Experts question whether China has technical know-how to pull off chip hack
Tapping into a private server via the hardware would be a complicated process that also requires a degree of luck, says one expert
Some Chinese technology experts have expressed doubts about the veracity of the spy chip hack reported by Bloomberg last week for one simple reason: they do not believe China has the expertise to pull it off.
Microchips as small as a grain of rice were installed on circuit boards made by Chinese subcontractors working for San Jose, California-based Super Micro Computer (Supermicro), a major supplier of custom servers and the world’s biggest vendor of server motherboards, Bloomberg Businessweek reported last Thursday.
The report said Chinese spies exploited vulnerabilities in the US technology supply chain to infiltrate the computer networks of almost 30 American companies, including Amazon.com, Apple, a major bank and government contractors.
“It would be amazing for China if it could integrate internal storage, a CPU and wireless communications in such a tiny chip,” said Zhang Baichuan, founder of cybersecurity website youxia.org. “The fact is, China’s chip technology is still at a primary stage.”
Tapping into a private server via the hardware would be a complicated process that also requires a degree of luck, said Li Aijun, chip set head at Intellifusion, a Shenzhen-based provider of artificial intelligence technology designed to help police catch traffic violators.
“Implanting a chip to crack [the server] without a trace is not possible as Chinese companies only assemble the components designed by the vendors. The motherboard only works as it was originally designed and implanting a hacking chip would always result in failure as it was not originally [part of the circuit design],” said Li.
Semiconductors are considered a core technology that is dominated by the US and other western nations. That is why China imported US$260 billion worth of semiconductors in 2017, because Chinese-made chips accounted for less than 20 per cent of domestic demand, according to the China Semiconductor Industry Association.
Semiconductors are a key technology under the government’s “Made in China 2025”, a national road map designed to boost the country’s advanced manufacturing prowess, but one that has become a lightning rod amid escalating trade tensions between the US and China.
While experts believe such a hardware-based hack would be very difficult to achieve, software-based hacks are a different story. Last month, CNBC reported that a team of security experts at Chinese internet giant Tencent Holdings demonstrated how they hacked into a Tesla Model S, controlling the car remotely. Tencent notified Tesla of the vulnerabilities and the electric carmaker issued an update to patch the security holes.
The server motherboards made in China for Supermicro ultimately made their way into data centres operated by dozens of US companies, including Amazon and Apple, providing the Chinese military with a way to access confidential data and valuable intellectual property, according to the Bloomberg report, which cited more than a dozen anonymous sources.
Amazon, Apple and Supermicro all issued rebuttals after the report was published on Thursday. Amazon said it has never found “modified hardware or malicious chips in Supermicro motherboards” in any Amazon systems, while Apple made a similar rebuttal, adding that it has “never had any contact with the FBI or any other agency about such an incident”.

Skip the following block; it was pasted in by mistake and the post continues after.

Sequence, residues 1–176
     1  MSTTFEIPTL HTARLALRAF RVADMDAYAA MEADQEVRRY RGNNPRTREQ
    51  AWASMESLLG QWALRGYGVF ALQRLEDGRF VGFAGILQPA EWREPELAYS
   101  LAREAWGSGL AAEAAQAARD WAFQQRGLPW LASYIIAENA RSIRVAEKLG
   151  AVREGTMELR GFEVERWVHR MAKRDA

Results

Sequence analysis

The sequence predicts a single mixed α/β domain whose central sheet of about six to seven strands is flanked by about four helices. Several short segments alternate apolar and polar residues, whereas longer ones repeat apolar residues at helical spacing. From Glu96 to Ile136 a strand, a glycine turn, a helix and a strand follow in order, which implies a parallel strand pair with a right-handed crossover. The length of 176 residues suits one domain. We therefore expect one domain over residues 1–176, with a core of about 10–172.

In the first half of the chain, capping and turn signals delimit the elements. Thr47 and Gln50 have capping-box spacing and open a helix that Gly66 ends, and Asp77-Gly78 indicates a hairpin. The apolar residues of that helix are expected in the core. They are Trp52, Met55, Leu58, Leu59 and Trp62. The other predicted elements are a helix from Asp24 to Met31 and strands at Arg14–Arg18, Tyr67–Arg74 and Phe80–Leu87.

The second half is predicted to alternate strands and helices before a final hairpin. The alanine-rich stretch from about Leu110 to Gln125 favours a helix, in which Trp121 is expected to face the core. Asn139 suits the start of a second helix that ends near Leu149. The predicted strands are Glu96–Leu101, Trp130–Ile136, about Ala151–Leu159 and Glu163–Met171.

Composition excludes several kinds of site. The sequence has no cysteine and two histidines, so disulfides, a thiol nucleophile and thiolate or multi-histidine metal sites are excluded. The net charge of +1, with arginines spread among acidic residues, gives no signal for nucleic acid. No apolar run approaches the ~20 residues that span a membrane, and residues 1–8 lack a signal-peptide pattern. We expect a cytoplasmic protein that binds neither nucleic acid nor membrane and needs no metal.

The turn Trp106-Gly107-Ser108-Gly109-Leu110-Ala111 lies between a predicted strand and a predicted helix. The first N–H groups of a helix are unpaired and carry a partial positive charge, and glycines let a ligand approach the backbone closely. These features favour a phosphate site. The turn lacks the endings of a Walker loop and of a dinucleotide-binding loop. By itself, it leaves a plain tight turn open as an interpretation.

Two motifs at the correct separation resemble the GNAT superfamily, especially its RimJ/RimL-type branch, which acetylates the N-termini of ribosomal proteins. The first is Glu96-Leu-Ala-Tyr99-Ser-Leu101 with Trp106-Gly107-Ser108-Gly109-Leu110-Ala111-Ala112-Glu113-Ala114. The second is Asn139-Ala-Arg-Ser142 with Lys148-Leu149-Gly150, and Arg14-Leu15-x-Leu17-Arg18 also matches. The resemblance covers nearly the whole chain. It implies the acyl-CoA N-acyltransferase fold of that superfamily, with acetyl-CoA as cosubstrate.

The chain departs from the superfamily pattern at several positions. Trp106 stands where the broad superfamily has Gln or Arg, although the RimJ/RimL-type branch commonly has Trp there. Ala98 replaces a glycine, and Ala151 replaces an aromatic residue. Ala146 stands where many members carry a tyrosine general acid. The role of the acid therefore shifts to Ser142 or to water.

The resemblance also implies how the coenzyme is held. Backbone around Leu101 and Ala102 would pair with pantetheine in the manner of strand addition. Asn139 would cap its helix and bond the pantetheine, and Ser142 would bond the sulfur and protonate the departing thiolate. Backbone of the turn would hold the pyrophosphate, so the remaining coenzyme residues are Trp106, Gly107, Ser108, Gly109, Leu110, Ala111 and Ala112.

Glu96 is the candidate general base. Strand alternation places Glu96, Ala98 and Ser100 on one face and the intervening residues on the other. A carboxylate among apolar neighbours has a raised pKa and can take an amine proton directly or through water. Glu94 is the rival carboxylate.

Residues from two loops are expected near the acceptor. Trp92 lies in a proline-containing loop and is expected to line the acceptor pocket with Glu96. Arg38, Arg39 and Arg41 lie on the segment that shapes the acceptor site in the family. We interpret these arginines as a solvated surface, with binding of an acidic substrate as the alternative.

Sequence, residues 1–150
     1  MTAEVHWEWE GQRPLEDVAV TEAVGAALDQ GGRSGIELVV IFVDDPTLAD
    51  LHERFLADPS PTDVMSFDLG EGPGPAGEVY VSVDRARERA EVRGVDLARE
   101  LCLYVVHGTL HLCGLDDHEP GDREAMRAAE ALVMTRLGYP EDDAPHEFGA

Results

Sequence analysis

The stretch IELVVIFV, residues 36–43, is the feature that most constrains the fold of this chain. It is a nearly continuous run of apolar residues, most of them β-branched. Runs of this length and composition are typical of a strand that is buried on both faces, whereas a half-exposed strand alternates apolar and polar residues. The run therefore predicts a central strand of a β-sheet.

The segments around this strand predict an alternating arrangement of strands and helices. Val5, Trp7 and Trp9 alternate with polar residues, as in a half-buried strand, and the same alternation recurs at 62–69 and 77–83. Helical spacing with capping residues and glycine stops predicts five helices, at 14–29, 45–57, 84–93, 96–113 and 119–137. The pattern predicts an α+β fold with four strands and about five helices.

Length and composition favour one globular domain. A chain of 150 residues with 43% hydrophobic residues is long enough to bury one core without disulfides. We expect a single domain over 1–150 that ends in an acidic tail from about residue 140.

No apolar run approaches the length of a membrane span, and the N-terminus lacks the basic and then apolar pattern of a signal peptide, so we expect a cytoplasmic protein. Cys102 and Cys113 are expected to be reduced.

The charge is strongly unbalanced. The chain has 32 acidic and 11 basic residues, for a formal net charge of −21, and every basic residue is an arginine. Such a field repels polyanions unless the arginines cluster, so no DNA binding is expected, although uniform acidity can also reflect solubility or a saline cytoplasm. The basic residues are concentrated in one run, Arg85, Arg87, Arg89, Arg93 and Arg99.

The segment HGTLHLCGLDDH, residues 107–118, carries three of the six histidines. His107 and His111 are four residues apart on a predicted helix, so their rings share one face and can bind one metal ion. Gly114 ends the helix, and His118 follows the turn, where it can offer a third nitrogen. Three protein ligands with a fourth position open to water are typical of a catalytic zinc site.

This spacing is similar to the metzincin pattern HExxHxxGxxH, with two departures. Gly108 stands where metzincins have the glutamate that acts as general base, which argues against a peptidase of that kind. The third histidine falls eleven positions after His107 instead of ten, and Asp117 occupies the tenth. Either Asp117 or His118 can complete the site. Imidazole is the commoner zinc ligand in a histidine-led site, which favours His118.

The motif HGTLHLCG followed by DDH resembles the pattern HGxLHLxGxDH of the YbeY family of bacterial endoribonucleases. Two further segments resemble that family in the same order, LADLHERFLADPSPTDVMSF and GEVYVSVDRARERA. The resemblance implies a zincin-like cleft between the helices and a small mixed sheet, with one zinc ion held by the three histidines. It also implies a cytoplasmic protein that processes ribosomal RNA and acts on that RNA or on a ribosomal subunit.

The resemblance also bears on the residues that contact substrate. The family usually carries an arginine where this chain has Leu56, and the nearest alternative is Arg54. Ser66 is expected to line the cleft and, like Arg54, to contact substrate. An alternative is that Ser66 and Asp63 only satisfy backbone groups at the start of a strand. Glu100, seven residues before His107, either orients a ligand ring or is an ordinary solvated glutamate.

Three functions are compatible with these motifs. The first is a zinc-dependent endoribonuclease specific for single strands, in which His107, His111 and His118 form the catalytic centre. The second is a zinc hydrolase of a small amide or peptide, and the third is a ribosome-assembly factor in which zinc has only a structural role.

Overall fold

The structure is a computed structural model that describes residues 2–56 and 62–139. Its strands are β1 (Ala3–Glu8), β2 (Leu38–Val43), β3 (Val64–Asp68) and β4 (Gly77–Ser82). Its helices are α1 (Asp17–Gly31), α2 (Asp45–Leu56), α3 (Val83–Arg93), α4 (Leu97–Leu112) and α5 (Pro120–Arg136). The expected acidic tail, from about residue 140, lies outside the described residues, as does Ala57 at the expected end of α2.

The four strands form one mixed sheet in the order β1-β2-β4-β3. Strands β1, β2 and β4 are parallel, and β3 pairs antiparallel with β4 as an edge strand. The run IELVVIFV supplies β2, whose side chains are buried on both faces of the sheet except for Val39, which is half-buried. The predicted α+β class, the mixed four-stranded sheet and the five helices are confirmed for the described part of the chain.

Supermicro, whose stock market valuation slumped as much as 50 per cent on Thursday after the report became public, said it has “never found any malicious chips, nor been informed by any customer that such chips have been found”.
The US Department of Homeland Security (DHS) released a statement over the weekend that supported Apple and Amazon’s denials. “At this time we have no reason to doubt the statements from the companies named in the story,” the statement said.
It followed a statement on Friday by the UK's National Cyber Security Centre, which told Reuters it had “no reason to doubt the details assessments” made by Amazon and Apple.
China’s Ministry of Foreign Affairs said China is a “resolute defender” of cybersecurity. “Supply chain safety in cyberspace is an issue of common concern, and China is also a victim,” it said.
The spy chip described by Bloomberg Businessweek was said to be able to fit on the tip of a pencil. Zhang said microprocessors developed by Silicon Valley-based Intel are about the size of a USB. “Although the spying tool might be smaller, I don’t think it can be that tiny,” he said.
Some Chinese technology companies are pushing the leading edge in semiconductor designs. Huawei Technologies, the world’s largest telecommunications equipment supplier, last month unveiled its new Kirin 980 smartphone chip based on the advanced 7-nanometre fabrication process employed by chip foundry Taiwan Semiconductor Manufacturing Corp.
The infiltration of the computer systems was investigated as part of an FBI counter-intelligence probe, according to national security officials familiar with the matter, who spoke to Bloomberg. The people familiar told Bloomberg that the DHS may not be involved in such inquiries.
In a statement last week Bloomberg said: "Seventeen individual sources, including government officials and insiders at the companies, confirmed the manipulation of hardware and other elements of the attacks. We stand by our story and are confident in our reporting and sources."